This week’s episode is about faith and delusion. Mother Abagail sets a mission, Nadine runs toward her destiny, and everyone puts their future in the hands of their faith. In what is the slowest paced episode to date, the show manages to have its most interesting outing yet. The feel of this episode is a lot like the 1994 version, but in the best way possible.
As characters slowly walk across the country to a Radiohead song, one can’t help but feel like this show deserved a longer and less rushed series. Inside this run has been some compelling updates to the show. However, the need to bulldoze through moments that needed to be lived in a bit more really did the show a disservice. We have already done a limited series for this story. An extended season could have provided so much more character work and nuance. As it is, this episode serves as an example of what could have been with a longer run.
Mother Abagail (Whoopi Goldberg) awakens with a mission from God. The remaining committee members minus Frannie (Odessa Young) and adding Ray (Irene Bedard), are tasked with a journey out West to New Vegas. With her dying words, Mother Abagail asks the group to keep her faith in God’s word and journey on foot.
“Death and Terror. Betrayal and tears. And not all of you will live through ‘em. The Dark Man grows stronger every day, and I know you can feel it. And soon he’ll come to destroy all who stand against him. His kingdom is in the West, and it is there you must go and make your stand. This is what God wants from you.”Mother Abagail, The Stand
With the prospect of likely death on the horizon, Larry (Jovan Adepo), Stu (James Marsden), Glen (Greg Kinnear), and Ray say their goodbyes. Frannie begs Stu to promise he will return. “I promise to try,” Stu says. With Kojak the dog in tow, the group sets out on their journey with the warble of Radiohead’s “The Promise” to montage their time. Mindful of Abagail’s warning about one of the group falling before they get to Vegas, Stu accepts he is the one when he quite literally falls into a canyon. The remaining journey is cut short when Flagg’s good guy radar determines exactly where and when to find the last of the travelers. Glen, Ray, and Larry have kept their promise to Mother Abagail to go to New Vegas. Stu fights to keep his promise to Frannie to stay alive.
A Long Day’s Journey Into Fright
With the bomb exploded in Boulder, Nadine (Amber Heard) and Harold (Owen Teague) make a quick escape by motorcycle from town to head toward Flagg (Alexander Skarsgård). Harold keeps the faith that he and Nadine will be rewarded for their actions in Flagg’s service. However, along the way, Harold suffers an accident.
Though in the book it is implied that Flagg caused the accident, this adaptation changes things up. Up until this point Amber Heard has portrayed Nadine as eager to do bad things, but occasionally up for a good deed. I like that the story here portrays the accident as one of both mercy but without emotion. Does Nadine really want to spare Harold? Or does she just want to be rid of him? Both seem equally likely, and that is the best thing that Heard brought to the character here. Owen Teague continues to give the best performance of the series, and he wraps up Harold’s story here in the desert.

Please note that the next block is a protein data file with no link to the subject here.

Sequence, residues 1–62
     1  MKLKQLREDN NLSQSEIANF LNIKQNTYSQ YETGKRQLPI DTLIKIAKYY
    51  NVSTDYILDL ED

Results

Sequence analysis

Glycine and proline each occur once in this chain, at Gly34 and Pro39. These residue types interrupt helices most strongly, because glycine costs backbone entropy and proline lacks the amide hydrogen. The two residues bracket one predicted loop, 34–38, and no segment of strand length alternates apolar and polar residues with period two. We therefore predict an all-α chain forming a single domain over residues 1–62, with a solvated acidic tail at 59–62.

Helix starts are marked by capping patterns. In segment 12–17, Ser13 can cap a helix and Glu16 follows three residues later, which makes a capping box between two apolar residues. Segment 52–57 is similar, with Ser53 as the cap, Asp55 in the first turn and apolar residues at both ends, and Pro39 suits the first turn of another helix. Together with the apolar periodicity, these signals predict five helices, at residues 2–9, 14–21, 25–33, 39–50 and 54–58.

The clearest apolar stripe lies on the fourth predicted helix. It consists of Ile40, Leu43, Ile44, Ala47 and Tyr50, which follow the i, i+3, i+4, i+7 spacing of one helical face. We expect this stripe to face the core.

As Nadine continues on, Flagg coaxes her to stop and walk into the desert to meet him. One thing done really well here are the flashes Nadine has of the truth. Nadine believes she is with Flagg in New Vegas, but she has moments when she knows she is still in the desert. Nadine has it in her to see the truth of her situation. When Nadine believes she can’t escape her fate with Flagg, she embraces the delusion. Even in the moment when the horror of the situation peaks and her view of Flagg leaves no doubt as to his true nature, Nadine screams, but then willingly buys back into the illusion of a better situation.
In the book Nadine is so horrified by her night with Flagg, that she goes catatonic. The writers wisely chose to switch direction here. The decision to have Nadine choose to believe the lie rather than be rendered incapacitated by the truth is a bold and interesting change.
I’m a sucker for an episode that takes its time, so I would recommend this one. Even though the last episode had a lot of the big plot points, there was a lot more tension in this episode. The pacing works well, and the character beats feel more lived in. The update to Nadine’s story is my favorite change to the show. Nadine’s reveal at the end is a great example of how people are willing to live in their delusions when the alternative is too much to contemplate. This one is worth watching.
Odds and Eggs
- Ezra Miller spends most of their time screeching this episode – Is it T-Rex, Eagle, or Xenomorph?
- The music goes very literal this episode with “I Put a Spell on You” and “You Must Have Been a Beautiful Baby”
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